Iced but Not Forgotten: Immortalizing the Russian Mafia

by M-Gillies

The most famous “gangster graves” in Russia are in Yekaterinburg, the birthplace of Boris Yeltsin. The city’s Uralmash cemetery is the resting place of many of the mobsters killed in a 1990s battle between rival gangs for control of strategic resources.

There’s something morbidly disarming about the two cemeteries in the city of Yekaterinburg – in the industrial Uralmash area of Yekaterinburg is a tree-line necropolis of unusual headstones. Not a single one is traditional in the way that headstones have ever been seen. Many, if not all of them are expensive black marble slabs – each erected in a row. In another cemetery, there is life-sized bust of man loathed by many, his grave is monitored 24-hours a day, seven days a week by a closed circuit cameras,  and surrounding his grave, are headstones with coloured portraits etched into the granite.

If one thing can be noted about the similarities of these two cemeteries, it’s the prominence of its residence and the consistency of the graves – the larger-than-life photographs etched into granite, with the tombstone images depicting hardened men in Hawaiian shirts and leather jackets. Others, a moody man holding a cigarette in his hand poised in front of a vehicle, while another holds in his hand car keys to his beloved Mercedes.

These are the graves of young fighters who once made up the brawn of the Russian gangs; collecting protection money, kneecapping those who would not pay up and planting explosives in the cars of their rivals. Now they stand, immortalized as larger-than-life shadowy figures etched into the granite of tombstones of their final resting place, an intimidating reminder of what their lives meant to them. This is the Uralmash Cemetery in Yekaterinburg, Russia, home of the notorious dead members of the Russian Mob.

But it isn’t just the one group of Russian mafioso inhabiting this cemetery, but rather two.

It was during the end of the Soviet Union, in 1991. The city of Yekaterinburg became the forefront of criminal activity, earning itself a name as The Gangster Capital of Russia, and becoming known as the most violent city in Russia with shootouts and contract killings occurring regularly. With the privatization of the state-command economy and the breakdown of the rigid economic and political structures of the old Soviet totalitarian regime, a new era of economic growth rose from the smoky ashes of a revolutionary horizon – the illegal export of raw, nonferrous and rare metals, jewels and timber.

In order to prosper from this new economical opportunity, two criminal organizations emerged within the city of Yekaterinburg; the Uralmash and the Central group. It was these two organizations that would change the way the mafia operated. However, with two opposing criminal groups rivalling for dominance, violence soon began to sprawl to new heights.

The real war began in 1992, when the Uralmash criminal network (who were by far the strongest in the region) devised a plan through creating a special team to handle the physical elimination of the leaders of rival organized criminal groups By recruiting former special-forces training instructors and trainees from the military, the Uralmash soon prepared themselves for the eradication of their rivals, but the action wasn’t met kindly by the Central network.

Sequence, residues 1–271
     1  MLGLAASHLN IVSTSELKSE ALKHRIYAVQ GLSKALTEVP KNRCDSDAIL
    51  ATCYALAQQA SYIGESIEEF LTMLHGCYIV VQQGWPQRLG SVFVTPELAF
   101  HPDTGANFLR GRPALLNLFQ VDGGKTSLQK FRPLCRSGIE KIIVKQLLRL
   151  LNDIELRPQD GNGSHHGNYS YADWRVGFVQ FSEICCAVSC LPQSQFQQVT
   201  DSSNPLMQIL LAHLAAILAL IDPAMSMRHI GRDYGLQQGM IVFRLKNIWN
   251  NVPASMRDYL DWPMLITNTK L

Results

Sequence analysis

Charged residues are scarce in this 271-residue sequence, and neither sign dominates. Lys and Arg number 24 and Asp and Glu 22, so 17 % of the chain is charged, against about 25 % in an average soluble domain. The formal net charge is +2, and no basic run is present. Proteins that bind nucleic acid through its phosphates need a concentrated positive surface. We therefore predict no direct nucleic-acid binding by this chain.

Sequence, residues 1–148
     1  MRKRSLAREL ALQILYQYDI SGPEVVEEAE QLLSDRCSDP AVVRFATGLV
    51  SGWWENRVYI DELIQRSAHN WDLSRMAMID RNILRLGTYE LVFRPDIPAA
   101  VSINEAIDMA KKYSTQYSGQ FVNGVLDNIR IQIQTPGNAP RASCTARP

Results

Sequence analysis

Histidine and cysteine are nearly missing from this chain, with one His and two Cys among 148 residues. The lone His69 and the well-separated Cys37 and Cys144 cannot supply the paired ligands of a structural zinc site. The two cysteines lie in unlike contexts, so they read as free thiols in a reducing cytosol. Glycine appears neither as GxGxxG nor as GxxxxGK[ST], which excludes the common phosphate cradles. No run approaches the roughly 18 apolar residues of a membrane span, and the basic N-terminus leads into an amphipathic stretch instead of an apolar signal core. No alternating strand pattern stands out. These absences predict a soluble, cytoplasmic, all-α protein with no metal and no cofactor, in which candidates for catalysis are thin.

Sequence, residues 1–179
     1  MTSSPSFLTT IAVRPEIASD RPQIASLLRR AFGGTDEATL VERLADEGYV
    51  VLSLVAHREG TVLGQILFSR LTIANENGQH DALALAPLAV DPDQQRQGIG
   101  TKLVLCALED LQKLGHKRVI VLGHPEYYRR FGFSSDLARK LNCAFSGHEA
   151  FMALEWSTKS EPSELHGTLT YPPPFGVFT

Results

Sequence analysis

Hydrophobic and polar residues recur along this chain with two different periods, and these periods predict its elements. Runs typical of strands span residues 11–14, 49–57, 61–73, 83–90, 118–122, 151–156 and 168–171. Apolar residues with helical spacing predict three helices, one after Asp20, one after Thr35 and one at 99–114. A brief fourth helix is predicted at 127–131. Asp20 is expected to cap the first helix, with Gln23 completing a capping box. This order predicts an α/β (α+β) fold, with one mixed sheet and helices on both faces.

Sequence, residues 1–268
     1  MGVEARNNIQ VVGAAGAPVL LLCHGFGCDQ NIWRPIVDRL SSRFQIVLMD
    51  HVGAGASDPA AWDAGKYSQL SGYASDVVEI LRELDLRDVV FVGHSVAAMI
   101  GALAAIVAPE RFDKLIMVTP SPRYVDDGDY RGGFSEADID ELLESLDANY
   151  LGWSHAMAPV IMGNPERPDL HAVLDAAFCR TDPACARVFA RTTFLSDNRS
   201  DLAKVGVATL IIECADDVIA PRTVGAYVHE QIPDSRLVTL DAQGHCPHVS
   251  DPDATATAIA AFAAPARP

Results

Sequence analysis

Using the same tactics, the Central network created its own hit team, forcing the two feuding gangs to resort to more sophisticated and violent means of eliminating their competition. However, after years of vendetta influenced killings, the final blow came after members of the Uralmash shot the leader of the Centrals in the yard of his house.

As backlash to the murder of Mikhail Kuchin, leader of the Central network, Alexandr Khabarov, leader of the Uralmash was arrested. However, before his trial had even begun, he was found in his cell strung up by the neck in what has been said to be a suicide, but what others believed to be something more.

After his death, Khabarov was given a tomb, complete with a life-sized bust, securing his status as Uralmash’s most prominent criminal. Because public opinion of the man was so negative, CCTV camera’s had been installed in a nearby tree to protect his bust from vandalism.

Meanwhile, on the edge of the city of Yekaterinburg, close to where Europe meets Asia, is the Shirokorechenskoye cemetery, amongst the war veterans, surgeons and athletes, lie the group of 20-30 year old men who were gunned down during the first half of the 20th century. It is here, where the members of the Central network rest, their tombstones extravagantly constructed, and expertly engraved to contain life-sized portraits of those residing in the graves. Their stares peer back at onlookers – some smiling, others stern – each posed to showcase their status as proud members of the criminal organization.

However, it’s the tombstone of Mikhail Kuchin, Ekaterinburg’s Central Gang kingpin, who after being gunned down in a hail of bullets in the yard of his house in 1994, at the age of 34, that is the most predominate of all. Standing at ten-feet high, the malachite tombstone of Kuchin was purported to cost $64,000 and is encrusted with precious stones, a symbolic gesture toward both Kuchin’s status as a powerful brigade leader and Ekaterinburg’s control over the precious stone industry.

But it wasn’t just his status as a powerful leader that earned him such a lavish final resting. Kuchin’s widow, Nadezhda, who hosted a lavish feast at his grave on his birthday claimed that she wanted his tomb to be “the envy of those who ordered his murder.”

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